ENTERTAINMENT - Willie O'Ree didn't let catcalls, slashes or cross-checks keep him from making his mark in the National Hockey League for the Boston Bruins. O'Ree, now 73, recalled becoming the NHL's first black player as he joined another league yesterday: the Order of Canada.
He was one of 60 people named to various ranks of honour by Governor General Michaëlle Jean. "I was at a loss for words, really, when they contacted me this morning," O'Ree, a Fredericton native, said from his home in California.
O'Ree played his first big-league game for Boston on Jan. 18, 1958, against the Habs in Montreal. He played two games in 1958 and 43 in 1960-61, receiving a standing ovation – one of his sweetest memories – when he became the first black player to score an NHL goal on New Year's Day 1961. Some of O'Ree's worst moments include the dirty play and racist taunts he faced during road games in New York, Detroit and Chicago.
"I just wanted to be accepted as just another hockey player." - Willie O'Ree
O'Ree now helps introduce inner-city kids to hockey through the NHL's diversity program.
Willie O'Ree, OC, ONB (born October 15, 1935, in Fredericton, New Brunswick) is a retired professional ice hockey player, known best for being the first black player in the National Hockey League. O'Ree played as a winger for the Boston Bruins. He is frequently but erroneously referred to as the first African American player, though while he is black, he is in fact a Canadian born and remains a Canadian national. Additionally, O'Ree is referred to as the "Jackie Robinson of ice hockey" due to breaking the colour barrier in the sport.
Midway through his second minor-league season with the Quebec Aces, O'Ree was called up to the Boston Bruins of the NHL to replace an injured player. O'Ree was 95% blind in his right eye due to being hit there by an errant puck two years earlier, which normally would have precluded him from playing in the NHL. However, O'Ree managed to keep it secret, and made his NHL debut with the Bruins on January 18, 1958, against the Montreal Canadiens, becoming the first black player in league history. He played in only two games that year, and came back in 1961 to play 43 games. He scored four goals and 10 assists in his NHL career, all in 1961.
Willie O'Ree noted that "racist remarks were much worse in the U.S. cities than in Toronto and Montreal," the two Canadian cities hosting NHL teams at the time, and that "Fans would yell, 'Go back to the South' and 'How come you're not picking cotton?' Things like that. It didn't bother me. I just wanted to be a hockey player, and if they couldn't accept that fact, that was their problem, not mine."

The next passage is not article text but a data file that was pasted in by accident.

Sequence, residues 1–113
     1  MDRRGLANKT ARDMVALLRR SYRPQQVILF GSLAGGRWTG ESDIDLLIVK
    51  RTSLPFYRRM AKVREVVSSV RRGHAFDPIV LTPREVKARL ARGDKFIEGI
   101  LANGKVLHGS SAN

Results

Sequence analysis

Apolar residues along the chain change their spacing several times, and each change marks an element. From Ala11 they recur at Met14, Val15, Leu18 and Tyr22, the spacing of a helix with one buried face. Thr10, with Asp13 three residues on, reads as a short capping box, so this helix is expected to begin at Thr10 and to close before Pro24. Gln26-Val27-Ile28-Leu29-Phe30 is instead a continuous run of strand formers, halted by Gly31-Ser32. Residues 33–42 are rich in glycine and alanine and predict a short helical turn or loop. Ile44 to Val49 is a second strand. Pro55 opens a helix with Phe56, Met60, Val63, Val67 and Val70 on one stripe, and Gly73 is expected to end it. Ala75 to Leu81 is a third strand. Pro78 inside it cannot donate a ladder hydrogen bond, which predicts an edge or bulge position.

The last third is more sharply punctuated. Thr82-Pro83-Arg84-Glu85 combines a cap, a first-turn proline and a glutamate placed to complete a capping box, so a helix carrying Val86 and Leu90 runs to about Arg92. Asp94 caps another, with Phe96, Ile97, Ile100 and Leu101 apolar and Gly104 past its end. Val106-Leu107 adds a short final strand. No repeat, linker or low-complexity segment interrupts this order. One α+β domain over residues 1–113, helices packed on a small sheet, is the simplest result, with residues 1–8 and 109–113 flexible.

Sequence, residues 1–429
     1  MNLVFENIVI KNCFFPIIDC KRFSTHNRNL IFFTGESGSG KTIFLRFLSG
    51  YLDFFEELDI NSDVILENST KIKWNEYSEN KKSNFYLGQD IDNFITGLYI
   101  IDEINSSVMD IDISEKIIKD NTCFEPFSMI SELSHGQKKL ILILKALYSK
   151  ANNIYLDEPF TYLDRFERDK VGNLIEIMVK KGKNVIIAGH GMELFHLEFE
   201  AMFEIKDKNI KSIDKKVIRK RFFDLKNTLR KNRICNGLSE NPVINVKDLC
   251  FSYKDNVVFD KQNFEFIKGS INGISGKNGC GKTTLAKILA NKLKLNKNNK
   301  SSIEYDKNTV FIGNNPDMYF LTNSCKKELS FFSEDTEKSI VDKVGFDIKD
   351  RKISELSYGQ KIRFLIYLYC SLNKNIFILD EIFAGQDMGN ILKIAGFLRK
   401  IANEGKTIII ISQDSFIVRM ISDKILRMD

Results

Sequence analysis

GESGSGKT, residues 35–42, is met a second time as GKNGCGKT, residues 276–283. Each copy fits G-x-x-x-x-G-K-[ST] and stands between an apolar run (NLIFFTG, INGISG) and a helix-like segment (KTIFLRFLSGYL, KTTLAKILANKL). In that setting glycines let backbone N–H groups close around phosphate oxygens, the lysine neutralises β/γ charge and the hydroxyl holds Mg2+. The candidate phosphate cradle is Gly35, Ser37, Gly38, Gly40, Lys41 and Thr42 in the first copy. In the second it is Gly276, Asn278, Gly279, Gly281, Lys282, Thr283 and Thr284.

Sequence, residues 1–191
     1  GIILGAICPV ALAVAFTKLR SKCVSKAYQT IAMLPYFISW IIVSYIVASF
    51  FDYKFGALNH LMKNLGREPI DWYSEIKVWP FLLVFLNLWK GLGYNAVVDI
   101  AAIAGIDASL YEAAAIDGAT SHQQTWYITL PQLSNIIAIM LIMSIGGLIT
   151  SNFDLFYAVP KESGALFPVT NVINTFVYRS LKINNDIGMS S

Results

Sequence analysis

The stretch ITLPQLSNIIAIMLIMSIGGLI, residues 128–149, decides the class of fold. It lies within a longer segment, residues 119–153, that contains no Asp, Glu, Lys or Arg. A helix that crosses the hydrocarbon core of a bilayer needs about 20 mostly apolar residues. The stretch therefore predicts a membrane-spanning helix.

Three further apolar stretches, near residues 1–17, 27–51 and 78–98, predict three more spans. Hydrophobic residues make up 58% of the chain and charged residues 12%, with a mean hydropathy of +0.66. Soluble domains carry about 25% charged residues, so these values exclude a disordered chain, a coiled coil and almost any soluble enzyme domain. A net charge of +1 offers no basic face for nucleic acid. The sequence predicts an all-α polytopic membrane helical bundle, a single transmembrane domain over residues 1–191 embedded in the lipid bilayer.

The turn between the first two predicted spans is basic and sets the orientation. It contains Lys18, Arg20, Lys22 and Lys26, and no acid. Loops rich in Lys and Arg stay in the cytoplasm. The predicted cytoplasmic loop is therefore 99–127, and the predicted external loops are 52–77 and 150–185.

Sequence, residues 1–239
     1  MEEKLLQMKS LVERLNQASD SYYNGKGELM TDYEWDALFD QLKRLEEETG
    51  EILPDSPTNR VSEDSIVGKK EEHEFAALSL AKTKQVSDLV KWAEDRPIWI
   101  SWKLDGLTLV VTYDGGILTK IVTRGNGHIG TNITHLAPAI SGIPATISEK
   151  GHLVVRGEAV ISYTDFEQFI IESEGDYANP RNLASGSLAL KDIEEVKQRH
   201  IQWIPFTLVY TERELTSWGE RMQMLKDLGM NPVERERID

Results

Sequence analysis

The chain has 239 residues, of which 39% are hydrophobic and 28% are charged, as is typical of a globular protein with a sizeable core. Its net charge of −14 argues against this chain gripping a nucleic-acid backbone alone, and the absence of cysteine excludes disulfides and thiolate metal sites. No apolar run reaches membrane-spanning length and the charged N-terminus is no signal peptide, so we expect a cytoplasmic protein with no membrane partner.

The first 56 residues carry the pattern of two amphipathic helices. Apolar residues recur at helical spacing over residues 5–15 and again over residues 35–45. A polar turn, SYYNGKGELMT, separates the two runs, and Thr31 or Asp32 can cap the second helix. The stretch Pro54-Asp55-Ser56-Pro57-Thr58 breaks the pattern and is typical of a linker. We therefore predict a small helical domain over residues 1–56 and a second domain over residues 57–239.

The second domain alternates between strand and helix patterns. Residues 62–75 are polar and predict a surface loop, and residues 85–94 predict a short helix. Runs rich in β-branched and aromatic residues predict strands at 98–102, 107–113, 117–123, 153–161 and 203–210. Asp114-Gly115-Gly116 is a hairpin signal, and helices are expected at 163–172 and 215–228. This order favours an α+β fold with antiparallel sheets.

In the minor leagues, O'Ree won two scoring titles in the Western Hockey League (WHL) between 1961 and 1974, scoring thirty or more goals four times, with a high of 38 in both 1964–65 and 1968–69. Most of O'Ree's playing time was with the WHL's Los Angeles Blades and San Diego Gulls. The latter team retired his number, now hanging from the rafters at the San Diego Sports Arena. O'Ree continued to play in the minors until age 43.
After O'Ree, there was no other black player in the NHL until fellow Canadian Mike Marson was drafted by the Washington Capitals in 1974. There are 17 black players in the NHL as of the mid-2000s, the most prominent including Canadians Jarome Iginla and Anson Carter and American Mike Grier (who is currently on the San Jose Sharks). Art Dorrington was the first black player to sign an NHL contract, in 1950 with the New York Rangers organization, but Dorrington never played beyond the minor league level. NHL players are now required to enroll in a diversity training seminar before each season, and racially based verbal abuse is punished through suspensions and fines.
O'Ree was inducted into the New Brunswick Sports Hall of Fame in 1984. In 1998, O’Ree was working at the Hotel Del Coronado in San Diego, California when the National Hockey League approached him to be the director of youth development for its diversity task force. The NHL/USA Hockey Diversity Task Force is a non-profit program for minority youth that encourages them to learn and play hockey. As of the mid-2000s, O'Ree lives in Berkeley, California.
On the afternoon of January 19, 2008, the Bruins and NHL deputy commissioner Bill Daly honoured O'Ree at TD Banknorth Garden in Boston to mark the 50th anniversary of his NHL debut. In addition, The Sports Museum of New England located in TD Banknorth Garden, established a special exhibit on O'Ree's career, comprising many items on loan from his personal collection.
Those in attendance included a busload of friends from O'Ree's hometown of Fredericton. Two days earlier, the City of Fredericton honoured him by naming a new sports complex after him.
On January 27, 2008, the NHL also honored Mr. O'Ree during the 56th National Hockey League All-Star Game in Atlanta, Georgia.
On February 5, 2008, ESPN did a special on him in honour of Black History Month.
On October 29, 2008, San Diego State University presented Mr. O'Ree with an Award for Outstanding Commitment to Diversity and Cross Cultural Understanding.
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